On 5.9.2013 16:49, Bret Wortman wrote:
That worked for one out of 24 zones. Dig gave the same error on the rest:

# dig +onesoa -t AXFR foo.net

; <<>> DiG 99.3-rl.156.01-P1-RedHat-9.9.3-3.P1.fc18 <<>> +onesoa -t AXFR
foo.net
;; global options: +cmd
; Transfer failed.
#

/var/log/messages errors at the same time with:

named[925]: LDAP error: Size limit exceeded
named[925]: connection to the LDAP server was lost
named[925]: successfully reconnected to LDAP server

I think my master has, to stick with technical terminology, "completely
lost the plot". And I'm equally certain it's because of something I did to
it....

Do you use Kerberos authentication for connection from named to LDAP? Did you change connection settings/credentials after installation? (in /etc/named.conf?)

I guess that you need to disable size limits for the account used for connection between LDAP and named.

Each object in LDAP has operational attributes nsIdleTimeout, nsLookThroughLimit, nsSizeLimit and nsTimeLimit. All of them should be set to "-1".

Use your favorite LDAP browser to check the values.

You can use attached LDIF as inspiration if you need to change values. Don't forget to change service (DNS) and host name (your_name_server_name.example.com), REALM NAME (EXAMPLE.COM) and domain name (example.com) before you try to import the LDIF.

Just for the case, normal user accounts are stored under cn=users,cn=accounts,dc=example,dc=com but service accounts are stored under cn=services,cn=accounts,dc=example,dc=com.

Petr^2 Spacek

On Thu, Sep 5, 2013 at 7:48 AM, Bret Wortman
<bret.wort...@damascusgrp.com>wrote:

D'Oh! Thanks, Petr.


*
*
*Bret Wortman*

http://damascusgrp.com/
http://about.me/wortmanbret


On Thu, Sep 5, 2013 at 2:33 AM, Petr Spacek <pspa...@redhat.com> wrote:

On 4.9.2013 20:23, Bret Wortman wrote:

...and I tried exporting the DNS data but ended up with a bunch of files
that looked liket his:

# cat foo.net.db

; <<>> DiG 9.9.3-rl.156.01.P1-RedHat-9.9.**3-3.P1.fc18 <<>> +onesoa -t
AXFR
foo.net
;; global options: +cmd
; Transfer failed.
#

The logs showed:

<timestamp> ipamaster named[31633]: client 1.2.3.4#39992 (foo.net) :
zone
transfer 'foo.net/AXFR/IN' denied


You have to add IP '1.2.3.4' to the allow-transfer Address List Match.

$ ipa dnszone-mod --allow-transfer='localhost; 1.2.3.4;'

See
http://www.zytrax.com/books/**dns/ch7/address_match_list.**html<http://www.zytrax.com/books/dns/ch7/address_match_list.html>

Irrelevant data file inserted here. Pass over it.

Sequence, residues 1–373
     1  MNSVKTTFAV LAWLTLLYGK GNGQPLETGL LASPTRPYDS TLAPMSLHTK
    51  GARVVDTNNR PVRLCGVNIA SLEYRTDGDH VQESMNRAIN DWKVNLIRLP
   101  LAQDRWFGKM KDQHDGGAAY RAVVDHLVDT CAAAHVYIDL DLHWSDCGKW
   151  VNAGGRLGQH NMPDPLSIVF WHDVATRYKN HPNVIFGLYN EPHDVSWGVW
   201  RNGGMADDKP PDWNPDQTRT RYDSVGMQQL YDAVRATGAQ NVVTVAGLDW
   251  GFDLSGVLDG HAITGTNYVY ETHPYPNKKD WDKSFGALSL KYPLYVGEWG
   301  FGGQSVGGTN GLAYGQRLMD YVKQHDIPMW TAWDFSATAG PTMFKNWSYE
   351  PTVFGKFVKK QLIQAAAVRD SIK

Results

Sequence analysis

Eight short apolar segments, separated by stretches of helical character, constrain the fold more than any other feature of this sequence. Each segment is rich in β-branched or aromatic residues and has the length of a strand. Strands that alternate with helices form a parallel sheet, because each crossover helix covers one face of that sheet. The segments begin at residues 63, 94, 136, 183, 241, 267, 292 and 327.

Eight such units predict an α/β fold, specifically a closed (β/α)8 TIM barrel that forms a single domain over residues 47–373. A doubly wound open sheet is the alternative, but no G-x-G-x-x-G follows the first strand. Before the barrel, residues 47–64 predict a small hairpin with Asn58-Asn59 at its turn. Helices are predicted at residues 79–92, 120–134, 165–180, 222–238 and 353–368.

for further details.

Petr^2 Spacek


  On Wed, Sep 4, 2013 at 1:32 PM, Simo Sorce <s...@redhat.com> wrote:

  On Wed, 2013-09-04 at 09:40 -0400, Dmitri Pal wrote:

On 09/04/2013 09:26 AM, Petr Spacek wrote:

On 4.9.2013 15:04, Bret Wortman wrote:

What's the right venue for making a suggestion? In particular, I'd
like to
toss out there that it would be really nice to be able to export, at
a
minimum, DNS and user data from IPA in the form of a zone file and a
passwd/shadow file pair.

I realize there might be security implications to the latter, and
masking
out passwords might be advisiable. And there's no easy way,
necessarily, to
get out sudo information. But having DNS and user details would at

least

permit a sysadmin having major issues (like I have been for the past

two

weeks) to get up and running in some form, using puppet or some other
tool
to distribute flat files with named running against a static zone
file, or
even to migrate off IPA if absolutely necessary.


Hello,

for DNS you can use normal zone transfer. Just configure IPA zone to
allow zone transfer to an IP address (localhost means 'localy to IPA
server') and use standard DNS tools, e.g. dig:

$ ipa dnszone-mod example.com --allow-transfer='localhost;'
$ dig +onesoa -t AXFR example.com > /root/example.com.db

That is all you need for DNS, you have the standard zone file.


I believe that you can use SSSD (with enumeration enabled) to run
"getent passwd > /root/passwd.bck". I have no idea how it works with
shadow map/password. Try to ask 
sssd-users@lists.fedorahosted.**org<sssd-us...@lists.fedorahosted.org>
.

  And to add to it:
IPA does not keep password in clear or the hashes that are used in
passwd and shadow files for security reasons so it can't generate these
files as you suggest.


We do have hashes, the default is SHA256, it is stored in userPassword
and is used to validate LDAP binds, however we never let it out of LDAP,
neither SSSD not the integrate NIS server expose the password hash to
clients. You need Directory Manager privileges to read it.


--
Petr^2 Spacek
version: 1

dn: krbprincipalname=DNS/your_name_server_name.example....@example.com,cn=services,cn=accounts,dc=example,dc=com
nsIdleTimeout: -1
nsLookThroughLimit: -1
nsSizeLimit: -1
nsTimeLimit: -1

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